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Data from the Federal Chamber of Automotive Industries (FCAI) has shown a 1.8 increase in new car sales in February 2023 compared to the same period last year. According to the latest VFacts, 86,878 vehicles were delivered during this month.

“This is the best February result since 2019. It is particularly pleasing given global and domestic supply constraints,” FCAI Chief Executive Tony Weber said.

Sales across states and territories were mixed. Vehicle sales increased in the ACT (up 7.2 per cent with 1,454 vehicles sold), New South Wales, (up 4.7 per cent or 27,600 units sold), Northern Territory (up 2.8 percent with 725 units sold), and Western Australia, (up 16.7 per cent or 9,815 vehicles sold).

Meanwhile, sales in Queensland decreased by 2.8 per cent (18,427); South Australia, 4.5 per cent (5,549); Tasmania 9.4 percent (1,414); and Victoria 1.3 percent (21,894).

Toyota led the market with a total of 14,332 vehicles sold.  Mazda was second (7,667), followed by Ford (6,022), Kia (6,000) and Hyundai (5,504).

The Ford Ranger was the highest selling model with 4,473 sales reported. Toyota’s Hi-Lux followed with 3,939. Tesla’s Model 3 was third with 2,671 followed by Mazda’s CX-5 (2,600) and Mitsubishi’s Outlander (2,166).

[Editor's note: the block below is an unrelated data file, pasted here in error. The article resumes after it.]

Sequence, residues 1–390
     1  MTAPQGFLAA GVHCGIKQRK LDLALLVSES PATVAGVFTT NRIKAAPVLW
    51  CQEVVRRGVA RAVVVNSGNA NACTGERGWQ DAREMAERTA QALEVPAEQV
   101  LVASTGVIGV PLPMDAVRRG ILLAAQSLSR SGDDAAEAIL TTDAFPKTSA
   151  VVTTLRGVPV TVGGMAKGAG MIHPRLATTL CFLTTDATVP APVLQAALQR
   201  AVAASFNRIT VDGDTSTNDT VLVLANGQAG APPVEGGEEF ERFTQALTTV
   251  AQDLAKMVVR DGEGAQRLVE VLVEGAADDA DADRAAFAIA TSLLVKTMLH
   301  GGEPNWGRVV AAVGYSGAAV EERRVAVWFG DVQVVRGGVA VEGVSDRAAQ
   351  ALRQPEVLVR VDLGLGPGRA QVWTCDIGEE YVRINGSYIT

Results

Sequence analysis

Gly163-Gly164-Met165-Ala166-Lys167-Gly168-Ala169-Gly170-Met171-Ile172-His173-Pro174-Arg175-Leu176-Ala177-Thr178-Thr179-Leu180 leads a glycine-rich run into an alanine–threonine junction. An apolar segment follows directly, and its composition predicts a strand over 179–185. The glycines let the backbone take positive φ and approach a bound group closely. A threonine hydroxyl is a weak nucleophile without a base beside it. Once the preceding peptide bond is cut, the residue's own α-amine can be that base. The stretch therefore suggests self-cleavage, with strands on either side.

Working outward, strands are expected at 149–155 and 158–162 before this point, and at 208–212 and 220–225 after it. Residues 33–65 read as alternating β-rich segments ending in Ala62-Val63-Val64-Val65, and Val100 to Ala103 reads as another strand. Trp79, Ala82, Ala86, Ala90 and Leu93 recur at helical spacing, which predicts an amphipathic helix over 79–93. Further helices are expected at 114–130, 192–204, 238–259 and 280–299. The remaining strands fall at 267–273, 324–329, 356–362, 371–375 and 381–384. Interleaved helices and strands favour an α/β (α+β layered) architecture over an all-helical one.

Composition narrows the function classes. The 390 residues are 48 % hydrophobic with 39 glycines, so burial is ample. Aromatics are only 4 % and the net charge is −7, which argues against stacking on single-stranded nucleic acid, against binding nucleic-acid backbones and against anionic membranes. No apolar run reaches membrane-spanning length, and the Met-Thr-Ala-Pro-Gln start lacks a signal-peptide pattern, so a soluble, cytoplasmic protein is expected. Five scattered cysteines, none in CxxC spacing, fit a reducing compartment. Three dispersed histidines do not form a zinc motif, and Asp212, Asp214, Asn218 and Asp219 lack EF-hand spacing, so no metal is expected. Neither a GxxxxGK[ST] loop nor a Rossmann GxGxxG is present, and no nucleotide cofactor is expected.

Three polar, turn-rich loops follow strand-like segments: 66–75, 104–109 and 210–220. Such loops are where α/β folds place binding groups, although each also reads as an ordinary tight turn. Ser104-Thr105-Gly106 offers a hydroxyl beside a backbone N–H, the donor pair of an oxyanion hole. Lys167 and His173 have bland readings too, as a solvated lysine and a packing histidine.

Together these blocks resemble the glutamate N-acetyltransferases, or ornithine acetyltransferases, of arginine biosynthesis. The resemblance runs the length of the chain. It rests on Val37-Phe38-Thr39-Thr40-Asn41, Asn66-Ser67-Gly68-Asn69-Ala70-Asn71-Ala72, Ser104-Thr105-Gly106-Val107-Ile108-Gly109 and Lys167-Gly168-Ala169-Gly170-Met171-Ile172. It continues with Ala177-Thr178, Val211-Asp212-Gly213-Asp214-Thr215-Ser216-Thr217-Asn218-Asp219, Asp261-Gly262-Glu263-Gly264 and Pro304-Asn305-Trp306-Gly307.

BEVs Outsold Hybrids

For the month of February, battery electric vehicles (BEVs) managed to outsell their plug-in hybrid (PHEVs) counterparts. BEVs accounted for 6.8 per cent of sales with 5,932 sold in February whereas there were only 454 PHEV units sold.

Overall, zero and low emission vehicles made up 13.9 per cent of the total new car sales this month with 12,102 units sold.

“Growing sales of electric vehicles proves that where a battery electric product exists which suits the driving habits, needs and finances of Australian motorists, they will purchase these vehicles,” Mr Weber said.

“The number of low emission vehicle sales demonstrates that there is an appetite among Australians for environmentally friendly vehicles. However, if we wish to accelerate this transition to a broader range of consumers in all parts of the country, Australia needs to adopt a fuel efficiency standard,” Mr Weber added.

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